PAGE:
Sally Taylor is a mixed media artist. She will be showing her work at the Brighton Art Fair this week with Duckett & Jeffreys.
What was your journey to becoming an artist?
I’ve always drawn pretty obsessively. My late mother always encouraged my sister and I to make things. It was that affirmation of the value of making that began the journey. Formally though, I did my degree and Masters at Lancaster University where as well as expanding my knowledge of materials and the formal elements in art I developed an ethos that was a great spring-board into being an artist and working in isolation in a studio.
Is being an artist your only job?
I am also a lecturer in Fine Art – I teach at various places including on the degree programme at York St. John University. My studio practice and preparing for exhibitions take up the vast majority of my working life but I also provide workshops for galleries and schools / colleges.
One favourite living artist? I was thrilled to bits to be selected for the third time for the Jerwood Drawing Prize in 2011 and Rachel Whiteread was one of the selectors. I’ve always really admired her practice and am currently enjoying looking at her drawings in my studio on a daily basis.
One favourite historical artist?
Louise Bourgeois. I think she’s the one I always return to when I am struggling to find direction. There are so many things I admired about her character - the tenacity and drive she had plus the emotional strength of her drawing practice. I would have loved to meet her although I would have been equally terrified!
If you could collaborate with anyone living or dead, who would it be and what would you do?
I think it would be to gather a team of contemporary artists with drawing at the heart of their practice and to curate a really powerful exhibition of the varied and extensive range of drawing practice across the world.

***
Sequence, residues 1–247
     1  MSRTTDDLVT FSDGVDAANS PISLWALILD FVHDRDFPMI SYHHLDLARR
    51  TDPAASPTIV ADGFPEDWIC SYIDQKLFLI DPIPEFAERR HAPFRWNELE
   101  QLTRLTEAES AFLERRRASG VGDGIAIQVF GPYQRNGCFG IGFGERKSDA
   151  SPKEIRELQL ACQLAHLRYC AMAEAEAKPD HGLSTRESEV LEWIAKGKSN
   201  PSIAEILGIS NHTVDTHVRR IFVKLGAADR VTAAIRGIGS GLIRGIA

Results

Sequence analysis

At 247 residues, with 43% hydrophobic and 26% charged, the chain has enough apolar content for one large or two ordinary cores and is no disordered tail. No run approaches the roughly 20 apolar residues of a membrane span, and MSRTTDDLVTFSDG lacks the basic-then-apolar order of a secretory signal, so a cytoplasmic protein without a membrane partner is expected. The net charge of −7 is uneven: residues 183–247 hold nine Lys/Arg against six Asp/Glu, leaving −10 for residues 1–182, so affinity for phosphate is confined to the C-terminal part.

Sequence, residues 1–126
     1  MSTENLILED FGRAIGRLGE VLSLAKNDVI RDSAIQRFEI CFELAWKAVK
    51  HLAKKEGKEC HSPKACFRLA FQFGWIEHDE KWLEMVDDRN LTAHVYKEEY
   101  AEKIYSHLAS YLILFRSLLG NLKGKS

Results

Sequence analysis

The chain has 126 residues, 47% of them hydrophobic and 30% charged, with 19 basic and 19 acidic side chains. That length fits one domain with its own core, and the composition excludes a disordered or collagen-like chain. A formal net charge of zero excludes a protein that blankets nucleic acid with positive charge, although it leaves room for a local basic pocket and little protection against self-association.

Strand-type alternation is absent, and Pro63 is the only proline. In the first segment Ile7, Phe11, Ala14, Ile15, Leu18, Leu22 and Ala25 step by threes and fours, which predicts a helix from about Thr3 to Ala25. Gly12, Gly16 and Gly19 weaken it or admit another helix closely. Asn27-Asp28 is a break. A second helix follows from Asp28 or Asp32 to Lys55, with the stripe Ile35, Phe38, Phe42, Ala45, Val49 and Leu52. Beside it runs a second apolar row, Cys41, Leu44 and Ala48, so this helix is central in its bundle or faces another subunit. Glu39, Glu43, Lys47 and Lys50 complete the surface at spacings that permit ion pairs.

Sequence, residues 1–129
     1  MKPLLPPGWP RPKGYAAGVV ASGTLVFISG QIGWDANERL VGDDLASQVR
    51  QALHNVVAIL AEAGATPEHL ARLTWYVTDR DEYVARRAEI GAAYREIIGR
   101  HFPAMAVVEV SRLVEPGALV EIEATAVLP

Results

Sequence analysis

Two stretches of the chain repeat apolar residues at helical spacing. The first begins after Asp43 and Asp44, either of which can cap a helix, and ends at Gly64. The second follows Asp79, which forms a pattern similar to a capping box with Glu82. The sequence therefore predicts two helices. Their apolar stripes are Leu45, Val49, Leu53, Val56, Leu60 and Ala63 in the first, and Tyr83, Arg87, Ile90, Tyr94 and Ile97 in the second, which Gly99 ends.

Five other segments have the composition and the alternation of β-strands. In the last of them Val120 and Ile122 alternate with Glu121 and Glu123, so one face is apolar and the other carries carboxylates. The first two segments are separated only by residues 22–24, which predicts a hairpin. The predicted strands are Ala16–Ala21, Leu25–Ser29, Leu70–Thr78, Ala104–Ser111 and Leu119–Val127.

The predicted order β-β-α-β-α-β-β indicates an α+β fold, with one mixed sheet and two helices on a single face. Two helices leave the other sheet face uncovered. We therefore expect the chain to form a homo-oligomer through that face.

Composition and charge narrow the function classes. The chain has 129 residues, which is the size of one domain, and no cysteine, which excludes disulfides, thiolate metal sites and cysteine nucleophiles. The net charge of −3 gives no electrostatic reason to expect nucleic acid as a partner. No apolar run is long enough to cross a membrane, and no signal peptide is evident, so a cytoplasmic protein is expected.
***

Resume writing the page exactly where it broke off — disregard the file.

Who is your style icon?
My friends with their brightly coloured cardigans!
Last book / film that blew your mind?Currently, I am reading ‘March Women March’ by Lucinda Hawksley. It is awe-inspiring.
How many hours do you waste on the internet each day?I actually avoid the internet as much as possible. I don’t see the time I spend on it as a waste but I think it can become a distraction from making work, as can be sweeping the floor of the studio and tidying it up – a constant way to procrastinate!
If you could live anywhere, where would it be and why?The places in the UK that are dear to me are where I currently live – on the edge of the North York Moors; Portsmouth – where I lived for 10 years before re-locating to Yorkshire, St.Ives, Cornwall – Porthmeor Beach for all its wonder and enchantment; and Great Langdale in the Lake District where my partner and I walked straight after getting married. I would love to live in New York, I was totally blown away by the sense of possibility there when I visited in 2006 – it felt like the centre of the universe!
Where and what is your studio?
Just outside Stonegrave, North Yorkshire. Herbert Read lived in Stonegrave and I love that connection. Moving to North Yorkshire has been such a wonderful experience. I am surrounded by wonderfully supportive curators, artists, writers and educators including Ian & Stef Mitchell of Duckett and Jeffreys who have been such amazing ambassadors for my work.
Do you have a good work/life balance?
I try to. My family are central to all I do. I have a young son, Joel – two and a half, who always comes first and loves a visit to my studio. Our new life in the North revolves around the landscape too – we all love bird-watching.
What one word would describe your feeling of doing your work?
What would your dream commission be?
Time to make the work I want to make as opposed to working to any external brief. Aside from that – it would be to make work for a significant drawing show at the Tate or the Drawing Center New York. I was thrilled when the Head of Exhibitions at Tate Liverpool conducted an interview with me for my recent publication and I was accepted to be part of the ‘Viewing Programme’ at the Drawing Center New York around the same time.
If you could exhibit in any gallery in the world which would it be?
Aside from one of the Tate galleries in the UK or Museum of Modern Art New York, it would be either the Kroller Muller Museum in the Netherlands or the Louisiana Museum of Modern Art in Denmark. I had a small solo show at Middlesbrough Institute of Modern Art in 2010-11 which was a real privilege – I love that place. I feel such a connection to the exhibition programme and the building feels so sacred.